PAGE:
Throughout the next year I got to see Stewart from time to time and continued to appreciate what she brought to the table. Then came the USA Basketball trials at the end of her sophomore year. Stewart was one of the more impressive players in the gym, and her head-to-head matchup with Elizabeth Williams was something I would have paid to see. Offensively Stewart continues to get better and better from the day I saw her first at Riverwinds Community Center in West Deptford, N.J. Her length and athleticism made her a presence on the defensive end from Day One, but it is her polish and poise on the offensive end that has grown exponentially over the years. She is going to be a joy to watch grow over the next four years.

-- Keil Moore

Lighting up the big stage

ESPN HoopGurlz obviously is closely involved with the Nike Tournament of Champions, and we were strong advocates of Cicero-North Syracuse (Cicero, N.Y.) being put in the Joe Smith Division this year. The idea immediately was met with resistance as tournament director Steve Kozaki vets the Smith and John Anderson entries thoroughly. One prominent opinion voiced to Kozaki, "They'll get crushed."

I believe strongly in the star factor in basketball, and the Nike TOC always provides a stage on which the biggest stars never fail to shine. Over the years, the likes of Tina Charles, Maya Moore and Jacki Gemelos have dazzled. Even if Breanna Stewart did not have the strongest supporting cast (Cicero's second-best player is Brittany Paul, whose primary sport is softball), I believed that she at least would figure out how to put on a show. I remembered how Elena Delle Donne used to own the TOC with a similar set of teammates at Ursuline Academy (Wilmington, Del.).

Kozaki agreed to place Cicero in the Smith Division. In Chandler, Ariz., another writer accosted my colleague, Chris Hansen, over Cicero's inclusion. I ran into Stewart's father, Brian, before Cicero's first game and even he didn't seem totally convinced they belonged. I reminded him that they belonged because of his daughter. The first day, of course, Cicero knocked off Bolingbrook, which not only was the country's No. 6 team at the time, but also one that had played in the TOC during all four years of the career of Morgan Tuck, Stewart's future teammate at Connecticut. Cicero further shocked by advancing to the TOC semifinals and finished the season at No. 10 in the nation -- almost completely because of Stewart.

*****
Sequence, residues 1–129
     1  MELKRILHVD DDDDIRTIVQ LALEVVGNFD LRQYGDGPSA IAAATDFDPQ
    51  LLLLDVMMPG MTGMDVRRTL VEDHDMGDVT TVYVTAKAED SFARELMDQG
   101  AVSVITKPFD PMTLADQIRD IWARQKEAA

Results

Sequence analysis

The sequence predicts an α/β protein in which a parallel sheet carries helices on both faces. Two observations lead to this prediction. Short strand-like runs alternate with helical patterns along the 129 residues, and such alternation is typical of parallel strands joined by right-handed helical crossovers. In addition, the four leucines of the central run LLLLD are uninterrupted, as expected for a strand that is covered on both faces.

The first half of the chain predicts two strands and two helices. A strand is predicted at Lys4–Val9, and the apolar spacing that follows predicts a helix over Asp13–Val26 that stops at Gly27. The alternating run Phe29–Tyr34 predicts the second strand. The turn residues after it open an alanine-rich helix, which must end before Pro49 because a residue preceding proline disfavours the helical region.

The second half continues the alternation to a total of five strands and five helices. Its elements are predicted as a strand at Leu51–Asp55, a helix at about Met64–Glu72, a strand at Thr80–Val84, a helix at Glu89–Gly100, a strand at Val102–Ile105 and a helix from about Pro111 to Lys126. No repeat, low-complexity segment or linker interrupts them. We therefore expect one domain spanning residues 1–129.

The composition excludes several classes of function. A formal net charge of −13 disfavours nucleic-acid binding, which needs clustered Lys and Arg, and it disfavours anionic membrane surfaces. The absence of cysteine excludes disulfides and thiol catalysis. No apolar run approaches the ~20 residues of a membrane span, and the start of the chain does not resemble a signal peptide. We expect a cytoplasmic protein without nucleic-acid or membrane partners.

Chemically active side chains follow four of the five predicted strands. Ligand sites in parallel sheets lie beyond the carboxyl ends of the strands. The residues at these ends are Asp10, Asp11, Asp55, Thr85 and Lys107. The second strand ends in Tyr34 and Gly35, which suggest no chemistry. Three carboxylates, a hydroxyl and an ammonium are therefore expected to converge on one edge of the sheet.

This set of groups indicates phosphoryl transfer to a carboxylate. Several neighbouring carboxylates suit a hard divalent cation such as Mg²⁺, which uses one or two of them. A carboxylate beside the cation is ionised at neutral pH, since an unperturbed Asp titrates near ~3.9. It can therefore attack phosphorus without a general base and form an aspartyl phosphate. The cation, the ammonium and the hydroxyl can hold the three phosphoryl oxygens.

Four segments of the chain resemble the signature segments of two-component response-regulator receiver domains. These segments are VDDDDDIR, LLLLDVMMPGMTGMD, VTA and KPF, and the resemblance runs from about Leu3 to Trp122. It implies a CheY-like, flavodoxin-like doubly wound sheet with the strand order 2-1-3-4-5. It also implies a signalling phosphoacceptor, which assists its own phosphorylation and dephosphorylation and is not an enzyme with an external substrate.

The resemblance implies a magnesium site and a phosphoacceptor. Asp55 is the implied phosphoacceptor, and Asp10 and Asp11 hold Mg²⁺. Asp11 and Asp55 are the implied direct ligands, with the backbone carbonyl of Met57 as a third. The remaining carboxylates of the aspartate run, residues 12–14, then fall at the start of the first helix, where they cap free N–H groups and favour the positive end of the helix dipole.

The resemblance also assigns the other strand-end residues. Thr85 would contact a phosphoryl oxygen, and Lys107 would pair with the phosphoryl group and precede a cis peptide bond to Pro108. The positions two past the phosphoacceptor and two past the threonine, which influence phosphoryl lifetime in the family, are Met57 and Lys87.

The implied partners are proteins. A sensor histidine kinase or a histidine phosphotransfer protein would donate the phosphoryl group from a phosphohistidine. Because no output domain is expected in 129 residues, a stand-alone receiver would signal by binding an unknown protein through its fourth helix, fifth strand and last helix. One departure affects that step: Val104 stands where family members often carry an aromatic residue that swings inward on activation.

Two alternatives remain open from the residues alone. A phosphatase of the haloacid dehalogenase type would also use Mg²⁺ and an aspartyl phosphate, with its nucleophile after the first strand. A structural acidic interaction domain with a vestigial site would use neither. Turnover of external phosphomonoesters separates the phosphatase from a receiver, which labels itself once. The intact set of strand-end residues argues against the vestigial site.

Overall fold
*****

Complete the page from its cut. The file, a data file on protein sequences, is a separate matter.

The point here is not to crow about being right with regard to having Cicero in the TOC. The point is that Stewart and her teams are easy to dismiss because Stewart and her family are so unassuming. I remember a time when they were wondering if she was worthy of a scholarship from UConn. Breanna Stewart is easily the most humble superstar I've ever covered, and that's during a long career with long stints covering pro and college athletes, men and women.

-- Glenn Nelson

Follow us on Twitter, where you can ask questions and get instant updates.

Become a fan of the site on Facebook and get updates in your news stream.

Discuss this on our Message Board.

Chris Hansen is the national director of prospects for ESPN HoopGurlz and covers girls' basketball and women's college basketball prospects nationally for ESPN.com. A graduate of the University of Washington with a communications degree, he has been involved in the women's basketball community since 1998 as a high school and club coach, trainer, evaluator and reporter. Hansen can be reached at chris.hansen@espn.com.

Keil Moore is a contributor and national recruiting analyst for ESPN HoopGurlz. He is also the Director of Scouting for the JumpOffPlus.com National Scouting Report - a division of Peach State Basketball, Inc. Moore has been involved in the community since 2007 as a recruiting analyst and trainer. He can be reached at kmoore@peachstatehoops.com or you can follow him on Twitter @keilmoore.

Glenn Nelson is a senior writer at ESPN.com and the founder of HoopGurlz.com. A graduate of Seattle University and Columbia University, he formerly coached girls' club basketball, was a co-founder and editor-in-chief of an online sports network, authored a basketball book for kids, has had his photography displayed at the Smithsonian Institute, and was a longtime, national-award-winning newspaper columnist and writer. He can be reached at glenn@hoopgurlz.com.